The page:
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all ye that are weary and heavy laden;"* and when they come he deals gently with them, he even carries the lambs in his arms, puts them into his bosom, embraces them, and gently leads them that are with young.t So true is what is said of our High Priest, Heb. v. 2, that he can have compassion on the ignorant, and them that are out of the way; they cannot be more ready to confess sin, than he is ready to forgive; his heart is still working for his sick and sorrowful church, and though he hath laid aside his feeling for himself, he still retains his fellow feeling, and can be touched with the feeling of our infirmities, ļ and cries, Oh! in heaven, if his foot be trodden on upon earth; hence it is that Christ pleads for his, not as a stranger, but as a kinsman, even as for himself with pathetical affection.

7. He is courageous and magnanimous, he dares encounter the most potent adversaries, none can daunt him, or put him out of countenance. If all the devils in hell come roaring against a feeble soul, the Captain of our salvation can encounter and will conquer them. Our David will overcome Goliath. He can silence the impertinent railings of reviling Rabshakehs, he hath conquered the proud Pharaohs, the Nimrods, Herods, and Antiochuses of the earth. Yea, he can quell the daring passions of a wicked heart, and the blasphemous objections foisted in, by the fiend of hell. Our advocate can even encounter and calm the thundering justice of an offended God, and pacify him towards the sinner, so God himself saith, Isa. xxvii. 4, 5, “Fury is not in me,” that is, causeless or implacable anger against my church, “who would set the briars and thorns against me in battle ?” as if he had said, there is no opposing me by force, but I will direct my people to a right * Matt. xi. 28. + Isa. xl. 11. Ileb. iv. 15. Acts ix. 5.

method for reconciliation, “let each take hold of my strength," that is Jesus Christ who is called the strength or power of God,* as when one lays hold of the lifted up arm and keeps it from striking, " and he shall make peace with me.” O the prevalence of the Son of God in his undertakings! Well may he make that bold challenge, Isa. 1. 7-9, “Who will contend with me? let us stand together: who is mine adversary ? let him come near unto me; behold the Lord God will help me.-Our advocate always comes off conqueror.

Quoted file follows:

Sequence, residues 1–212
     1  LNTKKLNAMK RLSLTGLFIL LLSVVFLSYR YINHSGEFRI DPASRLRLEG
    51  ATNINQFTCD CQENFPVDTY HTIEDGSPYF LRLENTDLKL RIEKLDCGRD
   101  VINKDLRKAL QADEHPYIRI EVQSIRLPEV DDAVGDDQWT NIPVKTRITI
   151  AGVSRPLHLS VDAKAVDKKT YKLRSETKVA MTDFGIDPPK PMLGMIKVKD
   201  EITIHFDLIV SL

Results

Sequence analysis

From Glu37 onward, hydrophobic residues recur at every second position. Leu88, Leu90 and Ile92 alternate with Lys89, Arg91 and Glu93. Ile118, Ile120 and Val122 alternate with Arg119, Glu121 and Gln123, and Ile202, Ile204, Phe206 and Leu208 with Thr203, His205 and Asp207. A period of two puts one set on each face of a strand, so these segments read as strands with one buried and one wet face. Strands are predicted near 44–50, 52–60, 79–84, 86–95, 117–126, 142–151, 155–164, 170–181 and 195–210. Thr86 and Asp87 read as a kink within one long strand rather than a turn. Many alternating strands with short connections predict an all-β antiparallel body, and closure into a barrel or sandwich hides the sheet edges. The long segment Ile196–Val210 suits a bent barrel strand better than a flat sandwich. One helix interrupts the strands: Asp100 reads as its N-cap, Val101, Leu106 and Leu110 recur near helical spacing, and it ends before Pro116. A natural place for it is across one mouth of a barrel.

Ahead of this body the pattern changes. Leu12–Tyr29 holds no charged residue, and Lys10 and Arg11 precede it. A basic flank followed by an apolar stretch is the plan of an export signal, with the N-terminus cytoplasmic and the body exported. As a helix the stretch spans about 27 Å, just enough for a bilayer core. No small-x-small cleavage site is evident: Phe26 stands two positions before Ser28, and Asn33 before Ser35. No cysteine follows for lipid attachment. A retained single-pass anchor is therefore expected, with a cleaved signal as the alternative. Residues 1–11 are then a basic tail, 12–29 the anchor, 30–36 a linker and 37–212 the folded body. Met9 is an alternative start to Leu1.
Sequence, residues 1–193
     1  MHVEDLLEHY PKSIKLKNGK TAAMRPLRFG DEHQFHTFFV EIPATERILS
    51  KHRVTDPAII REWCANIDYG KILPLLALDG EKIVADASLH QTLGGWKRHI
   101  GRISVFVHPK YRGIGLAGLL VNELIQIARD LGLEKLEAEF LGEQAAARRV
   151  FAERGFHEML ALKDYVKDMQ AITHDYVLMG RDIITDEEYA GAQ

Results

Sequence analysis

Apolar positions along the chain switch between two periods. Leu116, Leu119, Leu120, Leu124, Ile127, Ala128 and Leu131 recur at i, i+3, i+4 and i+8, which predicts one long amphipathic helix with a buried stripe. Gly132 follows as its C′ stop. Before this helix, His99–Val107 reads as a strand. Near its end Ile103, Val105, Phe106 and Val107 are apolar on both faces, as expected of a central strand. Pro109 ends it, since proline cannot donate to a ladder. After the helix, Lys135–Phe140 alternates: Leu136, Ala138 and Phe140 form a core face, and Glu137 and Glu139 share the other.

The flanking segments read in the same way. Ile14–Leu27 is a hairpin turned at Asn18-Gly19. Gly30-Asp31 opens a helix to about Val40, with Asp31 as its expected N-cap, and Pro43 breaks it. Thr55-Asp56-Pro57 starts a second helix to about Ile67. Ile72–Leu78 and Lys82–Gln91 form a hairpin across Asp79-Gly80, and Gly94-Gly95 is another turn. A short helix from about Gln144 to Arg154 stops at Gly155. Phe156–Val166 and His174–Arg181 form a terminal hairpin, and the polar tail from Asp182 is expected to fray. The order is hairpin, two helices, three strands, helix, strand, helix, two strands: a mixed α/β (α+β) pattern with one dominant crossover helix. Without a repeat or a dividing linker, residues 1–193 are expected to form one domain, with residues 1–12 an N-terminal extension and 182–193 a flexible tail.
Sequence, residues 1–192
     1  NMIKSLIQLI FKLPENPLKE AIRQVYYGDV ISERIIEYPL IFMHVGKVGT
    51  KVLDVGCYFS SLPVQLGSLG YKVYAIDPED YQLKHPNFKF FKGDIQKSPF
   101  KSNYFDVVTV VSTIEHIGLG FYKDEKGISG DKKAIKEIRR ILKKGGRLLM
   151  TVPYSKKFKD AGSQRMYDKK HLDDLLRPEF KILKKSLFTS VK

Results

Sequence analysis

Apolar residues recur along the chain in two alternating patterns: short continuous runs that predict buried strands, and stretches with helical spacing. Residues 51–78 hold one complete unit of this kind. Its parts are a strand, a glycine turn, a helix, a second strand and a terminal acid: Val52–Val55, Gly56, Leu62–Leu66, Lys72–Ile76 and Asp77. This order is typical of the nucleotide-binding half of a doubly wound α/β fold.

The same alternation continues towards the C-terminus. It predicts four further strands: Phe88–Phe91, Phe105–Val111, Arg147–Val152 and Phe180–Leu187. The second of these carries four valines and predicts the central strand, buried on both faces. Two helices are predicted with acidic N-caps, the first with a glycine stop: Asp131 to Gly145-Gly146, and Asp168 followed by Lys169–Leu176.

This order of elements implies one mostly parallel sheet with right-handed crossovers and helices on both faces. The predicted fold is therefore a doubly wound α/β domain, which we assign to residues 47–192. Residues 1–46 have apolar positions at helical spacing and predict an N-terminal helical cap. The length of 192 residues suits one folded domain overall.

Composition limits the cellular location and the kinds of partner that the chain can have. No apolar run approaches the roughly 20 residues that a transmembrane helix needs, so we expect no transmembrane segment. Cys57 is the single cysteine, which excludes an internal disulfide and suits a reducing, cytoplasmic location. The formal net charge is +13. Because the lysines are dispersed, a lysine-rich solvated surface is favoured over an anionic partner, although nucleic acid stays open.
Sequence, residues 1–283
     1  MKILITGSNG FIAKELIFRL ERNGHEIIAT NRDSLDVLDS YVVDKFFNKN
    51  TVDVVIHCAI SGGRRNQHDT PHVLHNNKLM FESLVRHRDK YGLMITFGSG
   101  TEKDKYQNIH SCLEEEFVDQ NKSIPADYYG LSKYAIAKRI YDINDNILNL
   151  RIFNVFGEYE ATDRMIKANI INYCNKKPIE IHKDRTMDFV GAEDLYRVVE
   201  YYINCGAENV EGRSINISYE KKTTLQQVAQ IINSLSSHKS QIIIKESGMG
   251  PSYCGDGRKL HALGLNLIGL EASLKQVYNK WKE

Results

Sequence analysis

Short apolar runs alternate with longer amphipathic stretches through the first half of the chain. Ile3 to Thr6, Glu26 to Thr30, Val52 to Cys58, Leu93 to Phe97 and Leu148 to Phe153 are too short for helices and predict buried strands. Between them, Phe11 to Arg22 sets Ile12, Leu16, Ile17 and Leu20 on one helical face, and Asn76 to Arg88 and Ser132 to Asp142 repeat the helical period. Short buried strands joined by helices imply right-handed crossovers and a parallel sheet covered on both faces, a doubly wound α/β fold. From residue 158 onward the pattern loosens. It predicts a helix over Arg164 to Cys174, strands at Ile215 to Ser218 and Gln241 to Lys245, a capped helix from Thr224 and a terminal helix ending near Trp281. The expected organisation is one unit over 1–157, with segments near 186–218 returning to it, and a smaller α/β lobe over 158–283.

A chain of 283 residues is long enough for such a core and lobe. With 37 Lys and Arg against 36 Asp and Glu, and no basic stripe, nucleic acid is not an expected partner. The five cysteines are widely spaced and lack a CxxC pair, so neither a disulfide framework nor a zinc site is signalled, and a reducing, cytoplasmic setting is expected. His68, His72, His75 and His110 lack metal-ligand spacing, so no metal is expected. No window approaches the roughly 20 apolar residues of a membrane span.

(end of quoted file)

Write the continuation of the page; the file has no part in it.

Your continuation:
8. He is faithful. It is true he is kind to his clients, yet he will not flatter them nor bear with their mistakes or miscarriages; our Lord will not deceive us by telling us our cause is good, when it is bad, no, he is distinguished for plain dealing. If we believe not, yet he abideth faithful,t he will be faithful to all his own, whatever becomes of hypocrites, and if his own miss it in any thing, he will rectify their mistakes. He informs us both of our state and cause. Thus he dealt faithfully with the seven churches of Asia, † he told them the best and worst of their case, he commends what is good, and condemns what is wrong in them, saying, “ I have somewhat against thee.” He is too just to undertake the patronage of a bad cause, or vindicate a hypocrite, but plainly exposes and utterly rejects them, as he did the Scribes and Pharisees. When men are not able to discover, he easily can. When the young gentleman, Matt. xix. 16–22, came in a good humour with that pertinent question, “ Good master, what good thing shall I do that I may have eternal life?” our Lord rectifies his mistake, and then discovers the unsoundness of his heart. He will by no means suffer his clients to go on under a mistake, but will • 1 Cor. i. 21. + 2 Tim. ii. 13.

# Rev. ii. and iii.

undeceive them. And this he declares before all the world, that men may know what to expect, and to put us upon inquiring both what we have to say, and to promote sincerity in all that draw nigh to him.